Daily life. The intentionally restricted colour palette in this series of paintings is derived from what I see each and every day in Beijing. I am bringing my eye to what surrounds me.
I feel sometimes that I am some extraterrestrial within a vast alien landscape, nevertheless, sometimes it is easier to see the earth from an alien perspective and, seen from the moon, we are all just artists and audience.
A Reinvention of Greek Tragedy, 2015, oil on linen, 100 x 80 cm.
It seems that a lot of your works have a mysterious element, like an unsolved puzzle left for the viewer to solve – both the viewers within the paintings and also the viewers in front of the paintings.
My constant battle is to open enough of a window in the artwork, to allow anyone to universally understand the possibilities inherent within the work as it relates to them on an individual basis.
Would you produce different art if you weren’t in China?
Anyone who is not influenced by his or her surroundings is possibly ignorant, immune or insulated. All three are, I believe, sad options to be avoided at all cost. As both an artist and viewer/observer it is impossible for me to prevent the tendrils extending from what exists around me to attach them selves to me. So of course my art would be developing in a different manner if I existed outside China, but the works I am producing, I believe still have a universality to them that works across cultures.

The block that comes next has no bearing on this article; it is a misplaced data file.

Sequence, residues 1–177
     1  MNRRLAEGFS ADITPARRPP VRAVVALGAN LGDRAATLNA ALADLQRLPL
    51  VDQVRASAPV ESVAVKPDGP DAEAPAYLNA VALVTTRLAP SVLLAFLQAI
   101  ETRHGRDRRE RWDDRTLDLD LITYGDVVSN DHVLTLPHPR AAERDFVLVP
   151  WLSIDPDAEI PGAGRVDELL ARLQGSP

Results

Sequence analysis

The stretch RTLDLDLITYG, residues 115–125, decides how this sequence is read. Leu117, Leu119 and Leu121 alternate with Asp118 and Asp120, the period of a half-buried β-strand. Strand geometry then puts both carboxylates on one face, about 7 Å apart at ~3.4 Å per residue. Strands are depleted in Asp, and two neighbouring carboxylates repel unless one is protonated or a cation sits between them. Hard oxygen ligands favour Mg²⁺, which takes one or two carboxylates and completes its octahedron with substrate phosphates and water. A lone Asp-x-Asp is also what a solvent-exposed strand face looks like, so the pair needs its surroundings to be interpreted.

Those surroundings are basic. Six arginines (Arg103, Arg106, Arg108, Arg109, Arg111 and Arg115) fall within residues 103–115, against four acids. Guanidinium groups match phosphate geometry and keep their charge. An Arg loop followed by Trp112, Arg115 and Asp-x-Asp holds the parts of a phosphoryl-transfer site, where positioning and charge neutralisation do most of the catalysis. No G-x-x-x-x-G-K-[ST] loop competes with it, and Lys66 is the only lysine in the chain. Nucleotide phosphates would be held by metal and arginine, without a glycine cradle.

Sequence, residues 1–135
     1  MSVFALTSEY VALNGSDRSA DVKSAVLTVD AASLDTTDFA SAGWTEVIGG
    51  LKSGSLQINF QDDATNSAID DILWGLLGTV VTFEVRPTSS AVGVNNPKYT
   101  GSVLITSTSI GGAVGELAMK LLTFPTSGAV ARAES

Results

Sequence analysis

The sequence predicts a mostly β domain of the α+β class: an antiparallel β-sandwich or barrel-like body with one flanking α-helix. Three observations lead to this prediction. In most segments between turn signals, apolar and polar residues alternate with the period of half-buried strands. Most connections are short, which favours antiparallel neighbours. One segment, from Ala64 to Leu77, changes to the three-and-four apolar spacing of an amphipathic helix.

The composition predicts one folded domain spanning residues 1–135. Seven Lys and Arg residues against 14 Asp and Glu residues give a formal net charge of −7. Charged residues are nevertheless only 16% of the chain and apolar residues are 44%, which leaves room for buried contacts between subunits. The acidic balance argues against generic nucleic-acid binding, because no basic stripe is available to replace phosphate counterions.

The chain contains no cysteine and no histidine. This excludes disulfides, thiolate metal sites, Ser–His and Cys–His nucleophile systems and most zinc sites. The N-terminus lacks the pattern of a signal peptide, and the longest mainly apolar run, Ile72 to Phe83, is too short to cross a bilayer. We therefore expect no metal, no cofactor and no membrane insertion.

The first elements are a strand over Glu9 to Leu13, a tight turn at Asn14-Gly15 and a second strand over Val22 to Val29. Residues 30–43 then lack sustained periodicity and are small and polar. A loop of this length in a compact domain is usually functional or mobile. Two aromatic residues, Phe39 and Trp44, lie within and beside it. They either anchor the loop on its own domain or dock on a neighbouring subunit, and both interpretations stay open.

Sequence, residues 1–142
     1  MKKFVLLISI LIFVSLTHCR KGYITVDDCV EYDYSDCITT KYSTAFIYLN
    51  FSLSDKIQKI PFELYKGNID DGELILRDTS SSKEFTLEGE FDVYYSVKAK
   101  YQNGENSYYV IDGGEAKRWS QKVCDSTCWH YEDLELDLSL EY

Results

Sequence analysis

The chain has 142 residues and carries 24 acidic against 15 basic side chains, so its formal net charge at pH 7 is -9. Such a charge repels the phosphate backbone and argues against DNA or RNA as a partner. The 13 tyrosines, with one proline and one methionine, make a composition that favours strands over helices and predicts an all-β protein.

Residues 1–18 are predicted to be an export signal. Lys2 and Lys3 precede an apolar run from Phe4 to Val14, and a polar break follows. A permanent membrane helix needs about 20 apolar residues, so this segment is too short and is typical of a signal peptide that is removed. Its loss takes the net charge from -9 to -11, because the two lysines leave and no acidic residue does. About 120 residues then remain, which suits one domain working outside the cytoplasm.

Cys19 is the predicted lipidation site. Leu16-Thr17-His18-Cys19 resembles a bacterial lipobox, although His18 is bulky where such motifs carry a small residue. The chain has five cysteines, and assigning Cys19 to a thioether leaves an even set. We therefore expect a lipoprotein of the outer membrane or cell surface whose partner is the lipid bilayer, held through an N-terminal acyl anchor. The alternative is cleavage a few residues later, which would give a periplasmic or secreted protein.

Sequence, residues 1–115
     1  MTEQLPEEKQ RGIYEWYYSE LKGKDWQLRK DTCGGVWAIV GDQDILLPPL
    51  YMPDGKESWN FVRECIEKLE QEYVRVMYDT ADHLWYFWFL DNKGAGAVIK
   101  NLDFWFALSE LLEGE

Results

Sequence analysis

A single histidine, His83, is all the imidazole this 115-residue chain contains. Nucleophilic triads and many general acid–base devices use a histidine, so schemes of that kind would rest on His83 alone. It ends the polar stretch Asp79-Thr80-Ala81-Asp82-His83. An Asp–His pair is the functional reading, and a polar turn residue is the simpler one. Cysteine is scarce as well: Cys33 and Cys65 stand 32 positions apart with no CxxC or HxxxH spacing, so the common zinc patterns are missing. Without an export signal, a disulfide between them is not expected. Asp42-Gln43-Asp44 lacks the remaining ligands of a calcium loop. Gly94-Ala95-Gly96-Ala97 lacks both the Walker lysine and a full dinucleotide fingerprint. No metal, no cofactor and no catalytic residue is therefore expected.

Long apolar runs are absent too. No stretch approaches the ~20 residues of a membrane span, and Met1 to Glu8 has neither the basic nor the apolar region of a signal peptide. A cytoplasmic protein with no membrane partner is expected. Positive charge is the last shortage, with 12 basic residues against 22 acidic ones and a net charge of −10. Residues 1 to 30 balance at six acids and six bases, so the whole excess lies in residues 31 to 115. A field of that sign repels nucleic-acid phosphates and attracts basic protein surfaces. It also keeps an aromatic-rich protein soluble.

Have you ever done any portraits?
No, but I would like to try some commissions, and I have a very dear friend whom I intend to do a portrait of this year - an amazing indigenous Australian woman, who is so strong and doing fanastic things for her people and country. I admire anyone who has that drive.
Is art the creator of social change or merely a reaction to it?
I think art has the opportunity and obligation to be both. These current works also act as an observation of social change too.
Do you believe art to be a subject or an object?
I think that the object is the subject, irrespective of what that object is.
For information, catalog, contact: Steven Sampliner... Web: http://gallery.artron.net/3204
Tel: +86 15901537357 Email: email@example.com Brendan McCumstie web site